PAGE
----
Sunday, March 6, 2011


     Retirement can seem like things are crumbling a bit -- too much time, lack of reinforcing work structure, advancing life, etc. -- but then I think of one of my many “jobs” in the so-called “golden years.” I am a “cookie” in sometimes crumbling times.
Like some other retirees. I am a volunteer. I do electrical, plumbing and carpentry work for historical societies, churches and museums, and give of my time in art-related endeavor. This is all a gift, a blessing to me, for it offers a post-career career. I am grateful, for goodness results, and that’s what it’s all about. 
One of the volunteer jobs is as a cook, or “cookie” in Navy terms, for the Rockland Interfaith Breakfast Program out of United Church, Spring Valley, N.Y. I have been with them since before I retired as a newspaperman, as part of the Tuesday crew. Into my 10th year, I am now the only cook on Tuesdays, after the passing of George Chalsen and the “retirement” of Al Witt, two colleagues at the old Journal-News in nearby Nyack. 
I try not to poison  the 120 or so people we get for breakfast, offering French toast, pancakes, sausage, soup and grits. The recipes are not basic -- we try to present  unexpected cuisine, with the French toast, for example, made from many real eggs, honey, cinnamon, milk and a bit of coffee.
It is an odd turn of events being cookie since I open the church at 3 a.m. (there are numerous tasks to take care of before the cooking begins). For me it is deja vu all over again. United Church used to be called the Dutch Reformed Church of Spring Valley, and I attended Boy Scout meetings there from 1954 to 1961, also opening the church, then at 7 p.m., for the sessions. (I like to get to places early, and that’s why I am often the opener.)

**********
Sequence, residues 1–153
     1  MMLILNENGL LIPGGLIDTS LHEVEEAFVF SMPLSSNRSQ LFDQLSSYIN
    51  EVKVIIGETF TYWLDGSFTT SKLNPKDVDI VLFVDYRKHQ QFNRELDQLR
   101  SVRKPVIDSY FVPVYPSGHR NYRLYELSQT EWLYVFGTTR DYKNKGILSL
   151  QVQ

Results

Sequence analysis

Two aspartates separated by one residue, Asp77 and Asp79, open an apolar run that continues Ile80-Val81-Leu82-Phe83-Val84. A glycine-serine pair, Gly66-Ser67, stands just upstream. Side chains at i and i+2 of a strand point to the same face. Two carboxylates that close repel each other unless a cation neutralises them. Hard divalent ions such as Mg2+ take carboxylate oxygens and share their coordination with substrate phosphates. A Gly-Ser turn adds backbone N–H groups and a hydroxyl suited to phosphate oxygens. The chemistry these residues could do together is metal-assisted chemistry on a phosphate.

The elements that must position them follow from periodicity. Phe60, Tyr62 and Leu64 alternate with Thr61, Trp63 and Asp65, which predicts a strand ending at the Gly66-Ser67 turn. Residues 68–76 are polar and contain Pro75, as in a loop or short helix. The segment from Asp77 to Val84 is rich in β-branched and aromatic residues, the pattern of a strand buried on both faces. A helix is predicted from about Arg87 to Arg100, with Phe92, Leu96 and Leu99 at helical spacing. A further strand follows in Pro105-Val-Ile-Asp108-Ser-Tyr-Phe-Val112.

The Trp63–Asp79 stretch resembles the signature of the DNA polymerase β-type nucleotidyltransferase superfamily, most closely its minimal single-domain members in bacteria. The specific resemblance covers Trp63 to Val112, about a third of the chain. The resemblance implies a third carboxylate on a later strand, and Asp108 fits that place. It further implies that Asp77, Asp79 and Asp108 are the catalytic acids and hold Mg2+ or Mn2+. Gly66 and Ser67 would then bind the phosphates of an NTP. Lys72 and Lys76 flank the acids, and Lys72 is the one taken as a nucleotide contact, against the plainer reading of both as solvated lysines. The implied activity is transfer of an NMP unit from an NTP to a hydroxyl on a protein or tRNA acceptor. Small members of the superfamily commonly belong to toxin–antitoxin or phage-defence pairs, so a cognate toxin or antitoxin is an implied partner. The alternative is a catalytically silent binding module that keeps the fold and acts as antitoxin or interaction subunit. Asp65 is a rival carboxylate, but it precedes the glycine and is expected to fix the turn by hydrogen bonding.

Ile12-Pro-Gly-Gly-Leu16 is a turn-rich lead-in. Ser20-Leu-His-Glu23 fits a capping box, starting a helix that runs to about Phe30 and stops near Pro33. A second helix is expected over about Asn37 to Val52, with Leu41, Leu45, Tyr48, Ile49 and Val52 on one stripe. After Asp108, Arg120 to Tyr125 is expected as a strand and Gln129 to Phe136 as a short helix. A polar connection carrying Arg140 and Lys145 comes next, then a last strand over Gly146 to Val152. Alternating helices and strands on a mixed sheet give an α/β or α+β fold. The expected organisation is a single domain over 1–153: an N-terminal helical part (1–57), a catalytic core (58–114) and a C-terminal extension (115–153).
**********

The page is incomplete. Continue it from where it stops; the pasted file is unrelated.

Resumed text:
So, here I am 58 years after first entering the church where I am now cookie, and despite many major changes and challenges to the village where I, my father and my grandfather lived, 3 a.m. Tuesdays in 2011 and 7 p.m. Fridays in 1954 are the same. I still hear the Pascack Valley Line train (the old Erie). I look at the storefronts and recall Brown’s, Arvanite’s, the Valley Theatre, Ro-Field Appliances, Perunna’s, Slavin’s, K&A, Tancos, Kulle’s and many more. I remember elementary school, high school, think about my father’s days there, my grandfather’s. As I cook, I  look out the window and see Memorial Park, which I watched being constructed in 1948. I hear the voices of so many gone and see the faces of my teachers, my friends. I recall the cops on the beat, chasing us home at curfew, checking the store locks.
The rhythm of a time past reassuringly reverberates in my post-retirement job as cookie, and it links me to the present. I am thankful I am able to serve, that so many of us at the program are able to do so. I am especially grateful that I am cookie in my old hometown. It kind of ensures that my time-on-my-hands won’t crumble.

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